Air Force photograph by Rick Goodfriend

16T Pitch Boom reactivated to support wind tunnel tests

Air Force photograph by Rick Goodfriend The Pitch Boom at the AEDC 16-foot transonic wind tunnel (16T) was recently reactivated. This model support system is used in conjunction with a roll mechanism to provide a combined pitch...
 
 

Northrop Grumman supports U.S. Air Force Minuteman missile test launch

Northrop Grumman recently supported the successful flight testing of the U.S. Air Force’s Minuteman III intercontinental ballistic missile weapon system. The operational flight test was conducted as part of the Air Force Global Strike Command’s Force Development Evaluation Program. This program demonstrates and supports assessment of the accuracy, availability and reliability of the...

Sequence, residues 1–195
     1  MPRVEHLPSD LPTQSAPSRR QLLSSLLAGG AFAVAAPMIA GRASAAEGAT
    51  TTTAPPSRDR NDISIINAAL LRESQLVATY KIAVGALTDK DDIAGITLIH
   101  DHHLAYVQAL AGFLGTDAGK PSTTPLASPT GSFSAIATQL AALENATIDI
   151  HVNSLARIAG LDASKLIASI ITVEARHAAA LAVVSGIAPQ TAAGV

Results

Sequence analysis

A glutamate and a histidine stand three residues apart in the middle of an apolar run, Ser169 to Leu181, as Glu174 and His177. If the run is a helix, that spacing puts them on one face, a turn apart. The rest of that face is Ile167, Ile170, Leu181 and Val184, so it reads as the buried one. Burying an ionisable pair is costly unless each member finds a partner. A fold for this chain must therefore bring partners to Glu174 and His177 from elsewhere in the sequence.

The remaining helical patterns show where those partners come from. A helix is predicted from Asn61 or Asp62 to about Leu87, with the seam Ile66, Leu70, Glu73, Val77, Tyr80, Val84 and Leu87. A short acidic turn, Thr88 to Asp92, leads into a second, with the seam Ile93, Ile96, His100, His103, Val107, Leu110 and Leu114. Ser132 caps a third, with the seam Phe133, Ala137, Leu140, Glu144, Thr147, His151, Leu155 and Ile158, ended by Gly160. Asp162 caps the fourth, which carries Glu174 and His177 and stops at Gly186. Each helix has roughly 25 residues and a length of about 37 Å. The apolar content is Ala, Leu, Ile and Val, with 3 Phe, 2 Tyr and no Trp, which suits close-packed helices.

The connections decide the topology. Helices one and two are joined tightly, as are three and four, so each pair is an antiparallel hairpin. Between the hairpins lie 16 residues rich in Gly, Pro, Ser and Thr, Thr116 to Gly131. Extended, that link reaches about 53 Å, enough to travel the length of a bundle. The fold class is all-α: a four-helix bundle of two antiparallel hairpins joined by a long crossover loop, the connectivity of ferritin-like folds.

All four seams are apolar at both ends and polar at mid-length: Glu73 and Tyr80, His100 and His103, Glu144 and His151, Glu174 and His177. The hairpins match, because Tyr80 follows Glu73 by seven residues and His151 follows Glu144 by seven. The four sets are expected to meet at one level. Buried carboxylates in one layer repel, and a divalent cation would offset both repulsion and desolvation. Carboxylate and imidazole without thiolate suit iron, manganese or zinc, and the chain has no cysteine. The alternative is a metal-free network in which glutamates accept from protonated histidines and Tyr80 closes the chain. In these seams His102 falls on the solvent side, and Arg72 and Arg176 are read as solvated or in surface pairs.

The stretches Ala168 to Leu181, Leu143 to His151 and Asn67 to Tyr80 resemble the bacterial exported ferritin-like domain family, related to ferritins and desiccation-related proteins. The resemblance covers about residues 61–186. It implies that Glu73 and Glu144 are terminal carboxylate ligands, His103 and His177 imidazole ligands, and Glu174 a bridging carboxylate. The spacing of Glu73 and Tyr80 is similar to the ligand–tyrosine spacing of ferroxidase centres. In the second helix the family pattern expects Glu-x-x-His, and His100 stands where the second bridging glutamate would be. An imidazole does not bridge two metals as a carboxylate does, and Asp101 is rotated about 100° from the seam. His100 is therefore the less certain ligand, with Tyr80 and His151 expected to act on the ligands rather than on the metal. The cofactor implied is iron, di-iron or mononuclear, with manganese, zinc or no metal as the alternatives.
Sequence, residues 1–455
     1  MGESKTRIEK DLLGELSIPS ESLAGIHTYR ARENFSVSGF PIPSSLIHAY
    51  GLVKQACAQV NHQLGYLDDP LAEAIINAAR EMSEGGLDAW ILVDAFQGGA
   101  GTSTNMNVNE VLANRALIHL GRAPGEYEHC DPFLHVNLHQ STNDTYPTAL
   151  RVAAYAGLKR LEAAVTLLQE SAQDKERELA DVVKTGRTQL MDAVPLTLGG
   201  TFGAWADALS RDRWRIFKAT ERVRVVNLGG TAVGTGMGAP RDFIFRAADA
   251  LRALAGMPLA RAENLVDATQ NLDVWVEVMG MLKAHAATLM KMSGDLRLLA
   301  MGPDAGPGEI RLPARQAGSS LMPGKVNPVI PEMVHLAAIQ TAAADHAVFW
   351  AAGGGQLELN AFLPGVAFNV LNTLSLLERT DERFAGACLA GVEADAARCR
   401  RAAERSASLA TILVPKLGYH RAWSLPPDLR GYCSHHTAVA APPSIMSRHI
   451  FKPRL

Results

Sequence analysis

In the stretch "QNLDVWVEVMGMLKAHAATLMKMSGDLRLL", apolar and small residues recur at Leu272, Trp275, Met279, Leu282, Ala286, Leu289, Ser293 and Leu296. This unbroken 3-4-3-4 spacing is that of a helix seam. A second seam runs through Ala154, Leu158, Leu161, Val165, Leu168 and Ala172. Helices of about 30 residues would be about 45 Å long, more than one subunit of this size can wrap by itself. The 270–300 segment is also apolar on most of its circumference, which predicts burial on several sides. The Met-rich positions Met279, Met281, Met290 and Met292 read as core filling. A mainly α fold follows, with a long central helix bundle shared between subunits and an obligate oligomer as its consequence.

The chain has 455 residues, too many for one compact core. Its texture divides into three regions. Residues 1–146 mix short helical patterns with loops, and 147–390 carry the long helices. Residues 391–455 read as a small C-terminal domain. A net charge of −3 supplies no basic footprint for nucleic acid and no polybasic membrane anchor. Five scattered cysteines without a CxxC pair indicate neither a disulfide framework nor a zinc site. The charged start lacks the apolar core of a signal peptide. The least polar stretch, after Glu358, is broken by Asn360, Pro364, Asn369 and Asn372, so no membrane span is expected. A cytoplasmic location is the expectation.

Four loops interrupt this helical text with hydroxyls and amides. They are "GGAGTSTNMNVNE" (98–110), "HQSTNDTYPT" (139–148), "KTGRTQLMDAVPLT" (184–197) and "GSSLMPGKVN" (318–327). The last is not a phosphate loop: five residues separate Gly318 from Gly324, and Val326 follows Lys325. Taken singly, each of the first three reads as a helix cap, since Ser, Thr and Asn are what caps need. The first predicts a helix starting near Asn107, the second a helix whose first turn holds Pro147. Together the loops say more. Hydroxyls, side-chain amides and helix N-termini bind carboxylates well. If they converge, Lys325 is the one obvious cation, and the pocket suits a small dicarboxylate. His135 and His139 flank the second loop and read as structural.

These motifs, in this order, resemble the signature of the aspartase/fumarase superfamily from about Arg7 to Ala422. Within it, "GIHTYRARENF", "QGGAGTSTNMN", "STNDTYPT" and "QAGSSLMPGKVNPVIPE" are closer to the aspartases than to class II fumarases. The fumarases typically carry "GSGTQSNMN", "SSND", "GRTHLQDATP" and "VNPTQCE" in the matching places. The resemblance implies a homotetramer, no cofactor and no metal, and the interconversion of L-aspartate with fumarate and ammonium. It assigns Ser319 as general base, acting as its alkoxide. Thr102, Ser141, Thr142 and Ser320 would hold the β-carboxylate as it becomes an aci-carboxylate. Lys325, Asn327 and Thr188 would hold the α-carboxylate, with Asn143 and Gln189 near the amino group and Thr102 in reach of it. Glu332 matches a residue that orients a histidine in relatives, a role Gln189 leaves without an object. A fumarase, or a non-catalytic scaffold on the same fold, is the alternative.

army-detector

Scientists turn handheld JCAD into a dual-use chemical, explosives detector

Scientists at the U.S. Army Edgewood Chemical Biological Center at Aberdeen Proving Ground, Md., proved it is possible to teach an old dog new tricks by adding the ability to detect explosive materials to the Joint Chemical Age...
 




0 Comments


Be the first to comment!


Leave a Reply

Your email address will not be published. Required fields are marked *

You may use these HTML tags and attributes: <a href="" title=""> <abbr title=""> <acronym title=""> <b> <blockquote cite=""> <cite> <code> <del datetime=""> <em> <i> <q cite=""> <strike> <strong>